Brussels, Belgium: From the continuing housing crisis to the gap between rich and poor, inequality in Brussels has been aggravated by the COVID-19 crisis, as per an analysis by perspective.
The city’s social divides can be seen in the way that neighborhoods in the center, the north as well as the west, have more limited access to healthcare, education, sports and cultural facilities than the rest of the region.
Moreover, the shortage of general practitioners in these areas became all the more visible because of the corona crisis.
The cabinet of Brussels Prime Minister Rudi Vervoort, “The crisis has exacerbated the social problems in the most deprived neighborhoods.”
“We already had that feeling, but the figures now confirm it. This is never pleasant to see and is certainly a warning for our social policy.”
Poverty in Brussels also became more acute. About a third which is 31 percent of the Brussels population, lives on an income that is below the at-risk-of-poverty threshold (€1,284 euros per month for a single person and €2,696 euros per month for a couple with two children).
Along with this, the issue is markedly worse than in Flanders (where this applies to 10 percent of the population), as well as Wallonia, which is 18 percent.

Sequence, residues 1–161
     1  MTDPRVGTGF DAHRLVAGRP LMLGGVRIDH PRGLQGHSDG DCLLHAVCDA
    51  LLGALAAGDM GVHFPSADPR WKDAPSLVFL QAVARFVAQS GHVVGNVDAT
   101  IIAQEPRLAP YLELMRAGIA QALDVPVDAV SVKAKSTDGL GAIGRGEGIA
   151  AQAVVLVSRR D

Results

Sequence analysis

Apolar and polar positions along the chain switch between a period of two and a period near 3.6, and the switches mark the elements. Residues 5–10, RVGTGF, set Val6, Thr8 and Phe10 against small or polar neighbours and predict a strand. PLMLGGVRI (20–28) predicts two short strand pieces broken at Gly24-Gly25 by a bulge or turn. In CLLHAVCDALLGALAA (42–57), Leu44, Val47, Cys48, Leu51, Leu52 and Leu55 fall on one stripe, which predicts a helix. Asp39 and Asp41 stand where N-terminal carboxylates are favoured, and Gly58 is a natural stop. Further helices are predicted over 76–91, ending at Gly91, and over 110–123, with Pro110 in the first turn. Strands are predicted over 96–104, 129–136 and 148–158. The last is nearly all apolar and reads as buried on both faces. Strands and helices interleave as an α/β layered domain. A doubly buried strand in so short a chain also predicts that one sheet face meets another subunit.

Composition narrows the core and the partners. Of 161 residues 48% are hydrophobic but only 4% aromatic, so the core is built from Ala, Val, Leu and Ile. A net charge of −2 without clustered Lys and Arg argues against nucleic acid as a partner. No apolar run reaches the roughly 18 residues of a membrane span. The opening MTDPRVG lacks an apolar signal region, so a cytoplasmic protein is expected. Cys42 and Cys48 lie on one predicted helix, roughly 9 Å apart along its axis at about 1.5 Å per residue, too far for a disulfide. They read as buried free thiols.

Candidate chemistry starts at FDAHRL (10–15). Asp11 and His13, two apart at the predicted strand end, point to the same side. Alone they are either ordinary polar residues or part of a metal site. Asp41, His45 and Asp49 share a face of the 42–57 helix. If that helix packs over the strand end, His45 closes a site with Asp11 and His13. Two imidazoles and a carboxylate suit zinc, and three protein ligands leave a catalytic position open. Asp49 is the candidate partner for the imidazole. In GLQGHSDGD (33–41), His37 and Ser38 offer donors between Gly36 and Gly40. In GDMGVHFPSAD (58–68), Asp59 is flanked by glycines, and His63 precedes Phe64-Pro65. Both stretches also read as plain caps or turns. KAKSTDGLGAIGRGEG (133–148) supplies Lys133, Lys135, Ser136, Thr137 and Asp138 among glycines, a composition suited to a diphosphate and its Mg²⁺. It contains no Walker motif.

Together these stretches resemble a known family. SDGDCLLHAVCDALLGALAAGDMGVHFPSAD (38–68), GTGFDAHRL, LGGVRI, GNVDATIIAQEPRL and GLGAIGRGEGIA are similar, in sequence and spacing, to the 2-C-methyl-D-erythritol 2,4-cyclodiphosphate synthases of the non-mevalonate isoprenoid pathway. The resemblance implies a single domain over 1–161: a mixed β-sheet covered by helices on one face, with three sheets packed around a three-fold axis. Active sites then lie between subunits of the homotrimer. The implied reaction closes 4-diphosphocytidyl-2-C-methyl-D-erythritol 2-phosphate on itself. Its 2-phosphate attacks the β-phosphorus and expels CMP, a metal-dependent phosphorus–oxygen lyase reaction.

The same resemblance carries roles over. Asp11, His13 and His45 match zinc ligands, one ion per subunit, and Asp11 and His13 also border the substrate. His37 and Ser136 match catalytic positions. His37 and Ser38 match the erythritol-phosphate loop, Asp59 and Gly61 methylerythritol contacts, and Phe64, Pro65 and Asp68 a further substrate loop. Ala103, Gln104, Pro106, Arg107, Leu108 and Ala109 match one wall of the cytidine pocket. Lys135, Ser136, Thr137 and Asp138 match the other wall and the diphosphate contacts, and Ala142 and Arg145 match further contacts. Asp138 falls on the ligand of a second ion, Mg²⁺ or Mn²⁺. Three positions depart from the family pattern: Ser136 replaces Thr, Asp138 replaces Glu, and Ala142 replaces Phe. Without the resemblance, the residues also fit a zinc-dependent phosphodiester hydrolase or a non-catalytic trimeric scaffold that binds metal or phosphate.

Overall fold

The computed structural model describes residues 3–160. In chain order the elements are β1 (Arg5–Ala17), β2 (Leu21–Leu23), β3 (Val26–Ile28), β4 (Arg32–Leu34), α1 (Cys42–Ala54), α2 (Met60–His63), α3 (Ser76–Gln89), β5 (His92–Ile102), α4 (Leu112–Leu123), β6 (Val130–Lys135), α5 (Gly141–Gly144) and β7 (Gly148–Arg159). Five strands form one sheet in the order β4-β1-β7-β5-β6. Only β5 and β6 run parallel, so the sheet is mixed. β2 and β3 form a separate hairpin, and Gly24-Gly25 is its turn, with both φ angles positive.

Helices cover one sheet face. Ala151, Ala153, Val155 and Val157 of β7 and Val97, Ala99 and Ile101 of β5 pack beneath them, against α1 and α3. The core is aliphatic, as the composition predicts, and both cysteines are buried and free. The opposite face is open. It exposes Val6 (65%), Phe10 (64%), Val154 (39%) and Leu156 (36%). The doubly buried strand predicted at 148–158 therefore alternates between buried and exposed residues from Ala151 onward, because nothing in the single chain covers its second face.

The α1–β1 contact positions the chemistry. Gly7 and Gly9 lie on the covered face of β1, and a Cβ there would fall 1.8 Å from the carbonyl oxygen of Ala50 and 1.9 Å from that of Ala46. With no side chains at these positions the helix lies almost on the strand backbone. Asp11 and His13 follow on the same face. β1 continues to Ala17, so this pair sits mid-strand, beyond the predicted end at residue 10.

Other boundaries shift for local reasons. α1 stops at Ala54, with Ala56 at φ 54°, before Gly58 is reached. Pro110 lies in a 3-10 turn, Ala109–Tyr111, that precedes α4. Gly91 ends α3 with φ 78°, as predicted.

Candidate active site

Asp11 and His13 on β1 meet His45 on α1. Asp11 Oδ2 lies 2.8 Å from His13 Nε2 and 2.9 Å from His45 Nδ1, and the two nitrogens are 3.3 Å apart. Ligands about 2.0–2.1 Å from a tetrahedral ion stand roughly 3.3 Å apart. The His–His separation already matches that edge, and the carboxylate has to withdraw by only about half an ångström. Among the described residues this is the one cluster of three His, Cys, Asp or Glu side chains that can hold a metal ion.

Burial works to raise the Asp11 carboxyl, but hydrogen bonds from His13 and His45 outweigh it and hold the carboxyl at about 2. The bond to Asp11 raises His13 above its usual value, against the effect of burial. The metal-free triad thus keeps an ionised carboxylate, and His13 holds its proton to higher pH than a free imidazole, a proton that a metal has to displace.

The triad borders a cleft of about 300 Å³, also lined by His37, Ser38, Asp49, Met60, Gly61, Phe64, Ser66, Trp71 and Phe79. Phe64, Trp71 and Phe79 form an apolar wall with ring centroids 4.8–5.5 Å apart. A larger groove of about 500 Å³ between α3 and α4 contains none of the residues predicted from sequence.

Various support measures were introduced to limit the financial impact of the pandemic. Still, the groups that are over represented in the Brussels-Capital Region, namely artists, students, undeclared workers, homeless people and undocumented migrants, could not rely on these measures.
Eleven percent of the Brussels population cannot pay their bills on time as well as 44 percent are financially unable to cope with unexpected expenses.
In spite of the prevailing poverty, the rent continues to rise year on year, especially in most of the affordable segments of the market, according to the sources.
Furthermore, the ever-increasing costs weigh heavily on a third of the Brussels inhabitants, whose housing costs account for over 40 per cent of the disposable income.